Daryl Reynolds, H. Vincent Poor, and Xiaodong Wang
The three primary characteristics that distinguish wireless communications from wireline communications are dynamism, fading, and interference. In this chapter, we address all three of these characteristics by considering adaptive methods for multiuser detection in fading channels.
Fading refers to variations in the gain of a communications channel. The primary source of fading is multipath, which leads to constructive and destructive self-interference of signals at a communications receiver. Depending on various properties of the communication link (bandwidth, mobility, etc.) fading can vary with time (i.e., time-selective fading) and frequency (frequency-selective fading). Of course, given the fact that the multipath profile depends on geometry, fading is also dependent on position and angle of arrival.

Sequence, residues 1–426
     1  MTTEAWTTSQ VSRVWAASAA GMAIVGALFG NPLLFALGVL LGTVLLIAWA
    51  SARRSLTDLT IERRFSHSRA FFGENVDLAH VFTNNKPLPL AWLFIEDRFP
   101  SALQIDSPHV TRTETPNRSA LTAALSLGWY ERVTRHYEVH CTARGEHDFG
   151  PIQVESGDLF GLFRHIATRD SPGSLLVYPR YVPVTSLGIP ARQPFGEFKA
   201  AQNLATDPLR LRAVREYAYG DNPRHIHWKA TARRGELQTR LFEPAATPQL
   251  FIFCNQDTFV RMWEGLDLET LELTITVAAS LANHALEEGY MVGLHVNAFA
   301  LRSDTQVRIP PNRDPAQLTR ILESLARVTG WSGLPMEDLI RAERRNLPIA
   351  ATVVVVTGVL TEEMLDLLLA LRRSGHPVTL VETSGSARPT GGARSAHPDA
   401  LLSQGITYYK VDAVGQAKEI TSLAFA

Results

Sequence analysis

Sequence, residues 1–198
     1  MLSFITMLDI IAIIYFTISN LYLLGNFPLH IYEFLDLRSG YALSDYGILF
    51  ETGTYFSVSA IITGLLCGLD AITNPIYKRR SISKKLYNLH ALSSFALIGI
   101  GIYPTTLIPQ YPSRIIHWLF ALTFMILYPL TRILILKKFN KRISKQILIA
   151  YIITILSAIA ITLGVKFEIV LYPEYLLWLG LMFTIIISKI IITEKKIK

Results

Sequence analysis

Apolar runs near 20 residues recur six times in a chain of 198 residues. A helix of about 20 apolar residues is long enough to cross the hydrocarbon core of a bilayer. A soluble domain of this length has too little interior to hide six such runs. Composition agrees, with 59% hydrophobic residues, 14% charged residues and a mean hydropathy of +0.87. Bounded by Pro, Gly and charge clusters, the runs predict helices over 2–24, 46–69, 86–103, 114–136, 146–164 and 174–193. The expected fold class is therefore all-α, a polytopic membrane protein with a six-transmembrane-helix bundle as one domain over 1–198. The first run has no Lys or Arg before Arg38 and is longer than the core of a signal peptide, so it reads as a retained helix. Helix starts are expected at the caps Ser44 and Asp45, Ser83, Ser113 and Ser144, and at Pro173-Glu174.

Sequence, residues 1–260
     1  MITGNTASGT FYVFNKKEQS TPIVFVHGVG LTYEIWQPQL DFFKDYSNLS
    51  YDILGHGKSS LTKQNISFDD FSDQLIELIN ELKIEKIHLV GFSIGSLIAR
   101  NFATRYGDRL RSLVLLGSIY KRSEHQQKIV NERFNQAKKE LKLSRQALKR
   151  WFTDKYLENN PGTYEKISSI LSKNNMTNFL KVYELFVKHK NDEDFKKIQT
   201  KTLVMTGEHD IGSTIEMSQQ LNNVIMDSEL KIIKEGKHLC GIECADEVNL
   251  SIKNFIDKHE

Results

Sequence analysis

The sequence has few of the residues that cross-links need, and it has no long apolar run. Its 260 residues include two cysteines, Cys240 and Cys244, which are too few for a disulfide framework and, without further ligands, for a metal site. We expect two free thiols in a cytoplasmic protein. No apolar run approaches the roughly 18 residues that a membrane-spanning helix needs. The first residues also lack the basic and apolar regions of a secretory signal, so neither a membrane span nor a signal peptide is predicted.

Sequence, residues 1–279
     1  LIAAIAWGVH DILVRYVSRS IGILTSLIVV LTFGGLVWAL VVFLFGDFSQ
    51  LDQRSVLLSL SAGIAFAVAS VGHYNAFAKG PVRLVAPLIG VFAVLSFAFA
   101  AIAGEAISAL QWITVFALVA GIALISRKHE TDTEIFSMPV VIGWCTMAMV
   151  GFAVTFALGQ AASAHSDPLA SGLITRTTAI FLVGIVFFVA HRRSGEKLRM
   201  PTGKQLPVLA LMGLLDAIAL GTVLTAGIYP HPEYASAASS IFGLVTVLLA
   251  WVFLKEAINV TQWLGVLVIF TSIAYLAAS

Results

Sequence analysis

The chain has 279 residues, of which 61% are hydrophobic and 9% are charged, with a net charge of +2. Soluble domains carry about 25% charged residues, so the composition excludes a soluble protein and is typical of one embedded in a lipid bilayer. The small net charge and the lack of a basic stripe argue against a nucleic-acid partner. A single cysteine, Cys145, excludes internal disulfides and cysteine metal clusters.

A key issue in the mitigation of fading is that the fading is caused by the channel, which is not known a priori to the receiver. There are two approaches to dealing with this issue. One is to treat the channel gains as random quantities with known distributions (e.g., Rayleigh, Rician, etc.) and to devise optimal receiver algorithms based on this statistical model. Examples of this approach can be found in [27,42,59]. An alternative approach, which is considered here, is for the receiver to use the outputs of the channel to adapt to the fadings, i.e., adaptive systems ...